Arabinofuranosidases degrade arabinose-containing oligo and polysaccharides, releasing l-arabinose, which is a potentially useful sugar, shown to reduce glycemic response under certain conditions. Arabinofuranosidases (Arafs) are frequently found in GH43, one of the most common GH-families encoded in genomes in gut microbiota, and hence it is of interest to increase understanding of the function of these enzymes in species occurring in the gut. Here we have produced, characterized and solved the three-dimensional structures, at 1.9 and 2.0 Å resolution respectively, of two homologous GH43 enzymes, classified under subfamily 26, from Lactobacillus brevis DSM1269 (LbAraf43) and Weissella strain 142 (WAraf43), respectively. The enzymes, with 74% sequence identity to each other, are composed of a single catalytic module with a β-propeller structure typical of GH43, and an active-site pocket with three identifiable subsites (−1, +1, and +2). According to size exclusion chromatography, native WAraf43 is a dimer, while LbAraf43 is a tetramer in solution. Both of them show activity with similar catalytic efficiency on 1,5-α-l-arabinooligosaccharides with a degree of polymerization (DP) of 2–3. Activity is restricted to substrates of low DP, and the reason for this is believed to be an extended loop at the entrance to the active site, creating interactions in the +2 subsite.Database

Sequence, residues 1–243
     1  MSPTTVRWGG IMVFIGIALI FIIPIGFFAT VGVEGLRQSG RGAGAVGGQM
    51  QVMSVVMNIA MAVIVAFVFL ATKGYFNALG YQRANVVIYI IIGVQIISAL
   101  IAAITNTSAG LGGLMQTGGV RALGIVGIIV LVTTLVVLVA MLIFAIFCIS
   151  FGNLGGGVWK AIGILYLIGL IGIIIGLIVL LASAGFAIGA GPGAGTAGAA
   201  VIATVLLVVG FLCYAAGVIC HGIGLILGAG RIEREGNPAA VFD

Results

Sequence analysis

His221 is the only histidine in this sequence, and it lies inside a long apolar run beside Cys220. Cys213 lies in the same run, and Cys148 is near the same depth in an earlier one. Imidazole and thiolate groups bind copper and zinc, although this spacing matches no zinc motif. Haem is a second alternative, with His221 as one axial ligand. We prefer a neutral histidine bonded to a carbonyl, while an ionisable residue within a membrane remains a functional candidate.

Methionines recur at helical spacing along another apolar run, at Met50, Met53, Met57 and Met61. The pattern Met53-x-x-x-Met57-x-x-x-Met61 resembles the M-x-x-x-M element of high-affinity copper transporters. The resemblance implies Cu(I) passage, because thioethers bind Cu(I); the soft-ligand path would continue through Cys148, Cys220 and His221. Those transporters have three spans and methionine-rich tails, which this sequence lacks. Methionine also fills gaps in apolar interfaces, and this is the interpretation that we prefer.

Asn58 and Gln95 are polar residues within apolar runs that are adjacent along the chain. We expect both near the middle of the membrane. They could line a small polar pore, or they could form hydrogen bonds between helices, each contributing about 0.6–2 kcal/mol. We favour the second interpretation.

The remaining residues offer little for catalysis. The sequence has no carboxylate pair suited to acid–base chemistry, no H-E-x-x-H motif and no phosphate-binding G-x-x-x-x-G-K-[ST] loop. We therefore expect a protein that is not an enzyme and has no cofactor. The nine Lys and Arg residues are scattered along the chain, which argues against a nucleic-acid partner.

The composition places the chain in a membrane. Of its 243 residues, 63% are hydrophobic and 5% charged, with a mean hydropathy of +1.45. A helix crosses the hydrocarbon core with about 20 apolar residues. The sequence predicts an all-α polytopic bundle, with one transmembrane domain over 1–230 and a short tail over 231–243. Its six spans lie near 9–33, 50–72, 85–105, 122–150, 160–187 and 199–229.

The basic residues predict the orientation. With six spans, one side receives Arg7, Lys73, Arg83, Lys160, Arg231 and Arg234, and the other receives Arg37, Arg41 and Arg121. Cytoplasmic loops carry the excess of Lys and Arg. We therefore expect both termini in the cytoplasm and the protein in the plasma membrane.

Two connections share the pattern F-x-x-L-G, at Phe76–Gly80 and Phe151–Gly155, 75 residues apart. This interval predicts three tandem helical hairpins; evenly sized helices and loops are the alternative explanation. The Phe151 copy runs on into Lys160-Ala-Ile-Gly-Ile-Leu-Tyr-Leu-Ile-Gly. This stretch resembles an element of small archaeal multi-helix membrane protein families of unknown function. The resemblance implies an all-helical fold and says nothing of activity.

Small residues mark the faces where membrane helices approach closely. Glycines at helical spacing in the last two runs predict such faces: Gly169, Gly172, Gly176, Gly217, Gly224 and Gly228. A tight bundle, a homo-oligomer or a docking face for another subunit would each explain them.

Structural data are available in the PDB under the accession numbers 5M8B (LbAraf43) and 5M8E (WAraf43).
Three-dimensional structures of GH43 arabinofuranosidases, from Lactobacillus brevis DSM1269 and Weissella strain 142 were solved and displayed single-domain β-propeller structures with a metal ion coordination site located behind the catalytic pocket. Activity was restricted to arabinooligosaccharides of low DP (2-3), which may be due to the extended loop in blade II (red) at the entrance to the active site.